Booby Trap (novella)

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"Booby Trap"
Illustrated by Jane Huttenloch
AuthorRex Stout
CountryUnited States
SeriesNero Wolfe
Genre(s)Detective fiction
Published inThe American Magazine
Publication typePeriodical
Publication dateAugust 1944

"Booby Trap" is a Nero Wolfe mystery novella by Rex Stout, first published in the August 1944 issue of The American Magazine. It first appeared in book form as the second novella in the short-story collection Not Quite Dead Enough, published by Farrar & Rinehart in 1944.

Plot summary[edit]

Jane Huttenloch illustrated "Booby Trap" for The American Magazine (August 1944)

Major Goodwin has been working for Army Intelligence for some time already, and has recently concluded a dangerous mission concerning another problem besides the Nazis: greed by munitions contractors jockeying for post-war power, in the present case by industrial espionage concerning an advanced type of grenade.

Although Archie has managed to unravel a major piece of the puzzle by a recent mission in the South, another officer in his unit, Major Cross, has just been murdered at a New York hotel, and the remaining members of the unit, plus Wolfe and Congressman Shattuck, have gathered in an Army office to discuss some anonymous letters that Shattuck, as Chairman of a Congressional war committee, has been receiving about how industrial espionage is compromising the war effort and is therefore a national security matter. During the meeting, one of the officers, whose son has just been killed in action in Europe, suddenly announces that he wants to go to Washington to confer with General Carpenter, the Pentagon official in charge of the unit. He has brought a suitcase with him, and his highly irregular request is granted. Earlier, Archie has been issued one of the advanced grenades in question which he kept in Wolfe's house, now his Army barracks, mostly as a souvenir, but Wolfe didn't like to have it in the house, and before the meeting Archie has returned the grenade to the Army—i.e. the same office.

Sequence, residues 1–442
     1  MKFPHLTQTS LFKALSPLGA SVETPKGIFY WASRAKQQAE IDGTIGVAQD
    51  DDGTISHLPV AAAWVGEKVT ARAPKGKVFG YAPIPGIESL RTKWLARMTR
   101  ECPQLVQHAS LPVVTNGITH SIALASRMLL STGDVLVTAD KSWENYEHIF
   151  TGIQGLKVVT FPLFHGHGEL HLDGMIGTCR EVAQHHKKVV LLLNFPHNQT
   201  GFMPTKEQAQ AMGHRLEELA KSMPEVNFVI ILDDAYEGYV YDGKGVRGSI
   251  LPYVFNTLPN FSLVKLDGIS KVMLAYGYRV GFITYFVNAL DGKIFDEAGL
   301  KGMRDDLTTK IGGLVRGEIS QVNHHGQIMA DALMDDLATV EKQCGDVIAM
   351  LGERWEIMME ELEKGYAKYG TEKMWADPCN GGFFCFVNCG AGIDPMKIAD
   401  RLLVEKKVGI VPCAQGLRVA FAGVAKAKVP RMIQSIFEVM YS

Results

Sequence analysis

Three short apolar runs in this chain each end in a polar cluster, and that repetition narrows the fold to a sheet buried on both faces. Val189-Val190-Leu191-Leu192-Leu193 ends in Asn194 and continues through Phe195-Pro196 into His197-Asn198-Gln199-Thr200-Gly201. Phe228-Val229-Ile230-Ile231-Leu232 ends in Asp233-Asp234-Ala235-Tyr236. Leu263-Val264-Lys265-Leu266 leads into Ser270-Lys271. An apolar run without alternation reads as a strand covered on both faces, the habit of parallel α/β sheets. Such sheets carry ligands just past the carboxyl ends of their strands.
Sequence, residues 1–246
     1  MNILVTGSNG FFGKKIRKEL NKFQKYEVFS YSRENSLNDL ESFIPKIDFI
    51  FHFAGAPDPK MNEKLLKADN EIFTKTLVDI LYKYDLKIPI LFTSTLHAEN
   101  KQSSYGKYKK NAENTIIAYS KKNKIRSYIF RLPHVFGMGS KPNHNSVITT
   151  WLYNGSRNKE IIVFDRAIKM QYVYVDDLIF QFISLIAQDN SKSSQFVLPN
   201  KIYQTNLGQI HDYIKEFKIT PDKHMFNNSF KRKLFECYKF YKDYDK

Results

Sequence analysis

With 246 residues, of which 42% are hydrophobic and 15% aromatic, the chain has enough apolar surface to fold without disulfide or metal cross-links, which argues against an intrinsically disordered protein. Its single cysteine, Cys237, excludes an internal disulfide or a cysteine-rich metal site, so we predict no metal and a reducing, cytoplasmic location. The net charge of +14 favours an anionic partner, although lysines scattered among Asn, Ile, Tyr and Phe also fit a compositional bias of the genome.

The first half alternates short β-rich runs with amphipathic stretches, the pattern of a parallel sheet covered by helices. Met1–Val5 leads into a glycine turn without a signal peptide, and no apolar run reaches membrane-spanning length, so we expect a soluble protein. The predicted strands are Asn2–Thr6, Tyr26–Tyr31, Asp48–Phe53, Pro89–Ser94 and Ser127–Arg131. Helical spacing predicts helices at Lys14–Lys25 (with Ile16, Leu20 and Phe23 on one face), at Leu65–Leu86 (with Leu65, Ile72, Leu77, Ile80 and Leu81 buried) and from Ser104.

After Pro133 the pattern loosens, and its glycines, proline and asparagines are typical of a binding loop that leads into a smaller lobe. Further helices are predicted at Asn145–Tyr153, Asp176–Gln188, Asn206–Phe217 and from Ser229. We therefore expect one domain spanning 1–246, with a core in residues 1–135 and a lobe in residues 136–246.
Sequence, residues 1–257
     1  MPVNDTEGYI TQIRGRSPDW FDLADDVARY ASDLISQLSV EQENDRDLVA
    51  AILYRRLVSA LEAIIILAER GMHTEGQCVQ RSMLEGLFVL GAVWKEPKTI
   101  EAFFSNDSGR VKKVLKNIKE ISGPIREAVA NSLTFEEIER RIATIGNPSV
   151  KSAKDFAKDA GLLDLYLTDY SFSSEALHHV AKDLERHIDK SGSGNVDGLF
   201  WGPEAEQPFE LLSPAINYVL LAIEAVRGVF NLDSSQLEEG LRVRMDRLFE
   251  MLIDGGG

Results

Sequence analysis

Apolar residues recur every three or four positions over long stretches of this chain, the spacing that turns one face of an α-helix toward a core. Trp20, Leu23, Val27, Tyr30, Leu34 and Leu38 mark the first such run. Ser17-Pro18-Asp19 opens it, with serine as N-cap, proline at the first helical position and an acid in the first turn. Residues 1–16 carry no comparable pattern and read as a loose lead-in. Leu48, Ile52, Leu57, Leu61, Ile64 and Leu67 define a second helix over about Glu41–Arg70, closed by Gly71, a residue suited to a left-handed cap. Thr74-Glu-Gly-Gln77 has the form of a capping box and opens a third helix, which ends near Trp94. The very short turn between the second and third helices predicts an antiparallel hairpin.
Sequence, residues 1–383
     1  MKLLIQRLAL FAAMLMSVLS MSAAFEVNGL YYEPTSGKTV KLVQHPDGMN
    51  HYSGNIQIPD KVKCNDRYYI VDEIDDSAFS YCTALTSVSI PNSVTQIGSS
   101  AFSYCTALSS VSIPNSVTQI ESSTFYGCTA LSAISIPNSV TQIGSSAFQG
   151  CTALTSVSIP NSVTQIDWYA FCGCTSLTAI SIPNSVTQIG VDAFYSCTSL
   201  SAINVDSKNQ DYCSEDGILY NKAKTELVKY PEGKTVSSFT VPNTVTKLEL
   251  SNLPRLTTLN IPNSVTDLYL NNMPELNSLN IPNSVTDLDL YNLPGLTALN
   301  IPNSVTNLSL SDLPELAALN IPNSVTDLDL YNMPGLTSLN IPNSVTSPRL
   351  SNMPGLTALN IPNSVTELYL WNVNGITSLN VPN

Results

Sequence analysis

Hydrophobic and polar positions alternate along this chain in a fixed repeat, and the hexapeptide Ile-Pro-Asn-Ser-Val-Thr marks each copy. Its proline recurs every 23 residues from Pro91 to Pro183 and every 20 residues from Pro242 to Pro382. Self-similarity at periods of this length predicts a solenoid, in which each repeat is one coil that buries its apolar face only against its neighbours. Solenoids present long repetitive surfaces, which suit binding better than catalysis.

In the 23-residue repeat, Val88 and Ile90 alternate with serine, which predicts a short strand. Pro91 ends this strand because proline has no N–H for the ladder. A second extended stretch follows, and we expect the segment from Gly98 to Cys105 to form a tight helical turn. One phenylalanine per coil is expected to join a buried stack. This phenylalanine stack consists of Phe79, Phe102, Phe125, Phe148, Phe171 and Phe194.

The meeting breaks up, since the unit is rapidly depleting (one dead, another heading to Washington, the rest under scrutiny because of the letters). As Wolfe and Goodwin are returning to the building later on the same day, a massive explosion is heard. Since the building is operated clandestinely by Army Intelligence, the NYPD, in the shape of Inspector Cramer show up, but Wolfe and Goodwin's uncooperativeness, normal as it has been in civilian matters, confuses Cramer now that Goodwin wears an Army uniform — the same uniform Cramer's son is wearing in Australia.[1]

The story ends with Archie taking another date to the Flamingo Club — and not Lily Rowan. Unlike a Sam Spade or Raymond Chandler story, any actual romantic impulses that Archie may have are cleared into the wings, and even this final action is not necessarily a celebration but may itself contribute to the war effort in its own small way.

Publication history[edit]

"Booby Trap"[edit]

The unfamiliar word[edit]

"Nero Wolfe talks in a way that no human being on the face of the earth has ever spoken, with the possible exception of Rex Stout after he had a gin and tonic," said Michael Jaffe, executive producer of the A&E TV series, A Nero Wolfe Mystery.[3] "Readers of the Wolfe saga often have to turn to the dictionary because of the erudite vocabulary of Wolfe and sometimes of Archie," wrote Rev. Frederick G. Gotwald.[4]